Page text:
• Dumb And Dumber To was produced by Riza Aziz's Red Granite Pictures. US Department of Justice has named him in its lawsuits to seize assets acquired allegedly with stolen 1MDB funds.
  • Another movie produced by Riza Aziz's Red Granite Pictures is Daddy's Home.
  • Swiss authorities have seized artworks acquired allegedly with stolen 1MDB funds. They include Vincent Van Gogh's sketch La Maison de Vincent a Arles and Claude Monet's Nympheas avec Reflets de Haute Herbe (photo), which is worth US$57.5 million.
  • Swiss authorities seized Vincent Van Gogh's sketch La Maison de Vincent a Arles, which is worth US$5.5 million.
  • Also seized by Swiss authorities was Claude Monet's Sainte-Georges Majeur, which has an estimated worth of US$35 million.
  • PM Najib Razak and his wife Rosmah Mansoor in a minor pilgrimage at Mecca in March 2016. Najib has repeatedly denied wrongdoing over 1MDB allegations. US Department of Justice did not name him in its lawsuits but mentioned the involvement of a "Malaysian Official 1'.
  • Dr Mahathir Mohamad (R), former Malaysia Prime Minister, called for PM Najib to step down after the US disclosure.
  • A photo of a Park Laurel apartment in New York city. US Department of Justice said among the properties allegedly bought with stolen 1MDB funds is a US$33.5 million condominium at the Park Laurel. The purchase was made by a shell company allegedly controlled by Mr Riza Aziz, the step-son of PM Najib.
  • TwentyOne Angullia Park in Orchard Boulevard, where Mr Low Taek Jho owns a penthouse bought for $42.91 million in 2013, and another unit bought for $11.53 million. Singapore authorities have prohibited any dealing in the units since February 2016.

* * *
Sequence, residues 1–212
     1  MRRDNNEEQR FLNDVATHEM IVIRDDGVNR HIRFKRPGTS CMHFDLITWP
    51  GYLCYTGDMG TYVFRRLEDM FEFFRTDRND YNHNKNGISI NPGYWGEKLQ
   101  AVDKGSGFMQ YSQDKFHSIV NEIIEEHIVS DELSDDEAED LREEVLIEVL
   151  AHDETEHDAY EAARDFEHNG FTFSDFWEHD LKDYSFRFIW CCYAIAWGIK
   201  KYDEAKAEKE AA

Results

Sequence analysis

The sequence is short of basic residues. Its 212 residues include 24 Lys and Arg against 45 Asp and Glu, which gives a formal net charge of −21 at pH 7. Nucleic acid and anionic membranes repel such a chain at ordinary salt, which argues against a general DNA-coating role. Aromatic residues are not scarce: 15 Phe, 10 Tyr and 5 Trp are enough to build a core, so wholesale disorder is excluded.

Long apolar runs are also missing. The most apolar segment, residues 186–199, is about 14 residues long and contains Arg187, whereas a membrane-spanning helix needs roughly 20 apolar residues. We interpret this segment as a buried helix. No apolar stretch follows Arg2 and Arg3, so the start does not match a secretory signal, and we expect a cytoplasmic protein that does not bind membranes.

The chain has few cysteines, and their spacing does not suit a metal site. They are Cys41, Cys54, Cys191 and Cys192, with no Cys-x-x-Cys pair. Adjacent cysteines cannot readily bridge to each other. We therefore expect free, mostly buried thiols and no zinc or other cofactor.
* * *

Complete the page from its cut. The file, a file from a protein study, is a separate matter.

• In March, the Wall Street Journal reported that deposits into personal accounts of Malaysia's prime minister totaled more than US$1 billion (S$1.4 billion) - hundreds of millions more than previously identified.
  • Tim Leissner, a Goldman Sachs partner who handled deals for 1MDB was suspended and later quit after bank investigators found he allegedly violated firm policies.
  • On Feb 5, private banker Yak Yew Chee withdrew his request to release money in his bank accounts, which had been frozen by Singapore authorities as part of their probe into 1MDB.
  • Yak Yew Chee, a senior private banker with Swiss bank BSI, was the first name to emerge from the Singapore probe into 1MDB, after it was reported that he was seeking access to his bank accounts which were frozen as part of the investigations.
  • In January, Malaysia's attorney-general said on in January that US$681 million (S$974 million) transferred into Prime Minister Najib Razak's personal bank account was a gift from the royal family in Saudi Arabia.